Money is an important part of today’s world, so it is just as important that children learn the value of money, the earlier the better. Everyone learns from experiences in their own way and having money knowledge earlier in life could give someone a head start with their future.
Some people in life are given everything they want or need without question; others have to work very hard to get what they want. I believe that you are more appreciative of something if you have had to earn it yourself. The following ideas are to help teach children the value of money and are things I have personally used with my own children but not in any particular order.
1. Chores – Working is something we all have to do in life at some point or another. Giving children chores is teaching them the ropes sooner than later. If they are used to having to help out or earn their money from a younger age, it won’t be such a fight or shock later down the track.
2. Pocket Money – Work out a set amount for each job or set time such as week. This will teach them they need to save to reach their goal.
3. Chores Chart – This not only works for getting chores done, learning the value of money and saving, but also helps with behaviour. They try hard to get rewards such as an adult does a promotion or pay rise. Try using a star chart, with each child’s job written down for each day. It doesn’t have to be lots of chores, even just one is fine. It is not the amount of chores but the point they are working for their money. Each star is worth 50 cents. They will watch their stars grow over time and even compete with themselves and each other to earn more stars for more money.
4. Dolomite or Children’s Bank Book Savings Accounts - Let the kids be involved with the banking. They enjoy the trips to the bank, having their little bank books and counting up the slips. They watch the money grow over time, and if you are saving for something you can also let them take it back out. Watching the money go up and down is a good point to make.
5. Make them pay for some things – If the Children want to go to the movies, or a fun centre for example, make them pay for the entry fee out of their pocket money. This helps show them how expensive things can be but also if you work hard you can reward yourself.
6. Let them count their money boxes – This will teach them coin value which is one of the first steps in learning the value of money. It also encourages them to save as they like watching their money box fill up and being able to count it.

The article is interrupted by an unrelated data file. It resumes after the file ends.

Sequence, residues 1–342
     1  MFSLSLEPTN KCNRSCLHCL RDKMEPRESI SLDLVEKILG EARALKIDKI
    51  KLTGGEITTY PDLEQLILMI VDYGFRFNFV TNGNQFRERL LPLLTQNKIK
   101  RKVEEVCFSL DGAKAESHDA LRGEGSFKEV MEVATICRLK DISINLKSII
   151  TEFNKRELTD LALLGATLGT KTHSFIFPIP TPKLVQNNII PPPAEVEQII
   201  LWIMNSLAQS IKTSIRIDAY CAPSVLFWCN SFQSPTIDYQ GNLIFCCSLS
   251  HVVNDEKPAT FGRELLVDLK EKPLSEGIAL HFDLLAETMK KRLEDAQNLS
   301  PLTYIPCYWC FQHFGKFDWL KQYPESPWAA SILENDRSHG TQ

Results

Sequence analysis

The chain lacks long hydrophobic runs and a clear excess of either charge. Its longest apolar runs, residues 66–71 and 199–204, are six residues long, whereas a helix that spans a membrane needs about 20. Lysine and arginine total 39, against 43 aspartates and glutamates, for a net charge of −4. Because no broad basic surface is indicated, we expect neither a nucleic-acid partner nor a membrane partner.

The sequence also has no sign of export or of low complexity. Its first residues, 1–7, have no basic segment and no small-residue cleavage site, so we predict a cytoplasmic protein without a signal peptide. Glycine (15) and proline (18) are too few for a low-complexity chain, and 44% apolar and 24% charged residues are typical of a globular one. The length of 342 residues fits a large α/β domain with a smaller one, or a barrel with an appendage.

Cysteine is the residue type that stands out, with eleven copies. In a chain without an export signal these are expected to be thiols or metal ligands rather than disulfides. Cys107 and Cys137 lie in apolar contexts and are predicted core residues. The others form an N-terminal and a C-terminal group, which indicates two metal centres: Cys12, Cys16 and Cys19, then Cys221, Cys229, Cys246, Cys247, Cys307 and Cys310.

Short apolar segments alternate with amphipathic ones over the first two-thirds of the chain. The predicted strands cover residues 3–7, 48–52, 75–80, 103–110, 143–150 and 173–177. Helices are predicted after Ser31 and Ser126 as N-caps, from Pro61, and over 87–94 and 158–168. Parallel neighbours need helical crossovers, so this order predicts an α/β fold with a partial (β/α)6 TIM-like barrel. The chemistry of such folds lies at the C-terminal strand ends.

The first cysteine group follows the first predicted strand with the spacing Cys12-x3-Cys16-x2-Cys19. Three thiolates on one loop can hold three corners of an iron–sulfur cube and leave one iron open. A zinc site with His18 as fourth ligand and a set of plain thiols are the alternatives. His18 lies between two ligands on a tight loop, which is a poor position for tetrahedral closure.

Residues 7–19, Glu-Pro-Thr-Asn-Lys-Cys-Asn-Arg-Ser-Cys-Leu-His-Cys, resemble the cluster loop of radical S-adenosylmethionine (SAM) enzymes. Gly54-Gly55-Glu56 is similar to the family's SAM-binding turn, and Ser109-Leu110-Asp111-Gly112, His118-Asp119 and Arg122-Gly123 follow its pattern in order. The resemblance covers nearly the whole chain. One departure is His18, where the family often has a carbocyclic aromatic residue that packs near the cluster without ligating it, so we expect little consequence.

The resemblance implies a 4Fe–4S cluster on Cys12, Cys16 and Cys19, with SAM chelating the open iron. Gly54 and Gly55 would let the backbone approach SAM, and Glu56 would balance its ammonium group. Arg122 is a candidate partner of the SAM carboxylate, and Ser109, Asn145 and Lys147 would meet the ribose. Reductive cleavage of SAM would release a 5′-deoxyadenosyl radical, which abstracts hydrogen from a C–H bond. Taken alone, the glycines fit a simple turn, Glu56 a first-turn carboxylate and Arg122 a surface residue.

7. Plan something big – A fun family day or even a shopping day. Get them to help in the decision of where to go, or choose a toy they want to buy at shopping. Every time they add to their money boxes they are trying to achieve their goal of a certain amount so they can go there or buy that certain thing. When the time comes, they will feel great knowing they can finally buy what they want and will be keen to start over. It feels good reaching your goal knowing you deserve it.
8. Deny them of something – Not as a punishment but to show them that you need money for certain things, to go certain places and you can’t always have what you want. Spoilt children rarely have knowledge of money value as they are given everything they want when they want it. If they want something they will need to earn it.
9. Deduct money – When they are naughty or have broken the rules deduct money from their money boxes. Make it a set rule so they are aware breaking the rules will cost them 50cents or a dollar, and so you are not just springing it on them. They will be disappointed to lose the money especially if they then can’t afford what they have been saving for. This teaches them not only to behave but every cent counts.
10. Show them the Electricity Bill – Show them the electricity bill and take them with you when you go to pay it. Show them how much money it costs to pay the bill. Children often think Mum and Dad’s wallet has never ending money. So show them it gets empty to and explain that’s why as parents you have to work. Make it a house rule that if you leave the lights on when not needed it will cost you 50cents towards the bill, have a set jar for it. Remember they have seen how much money the bill cost. This will encourage them to turn off the lights, but also they are imagining at the moment, all their 50 cent pieces going into this jar, so they are thinking about ways to save it.
These are not the traditional ways to teach children the value of money, but these are some of the ideas I have used with my own children and it works. These ideas have helped my children get a better understanding of money, saving, goals and have even helped with their behaviour.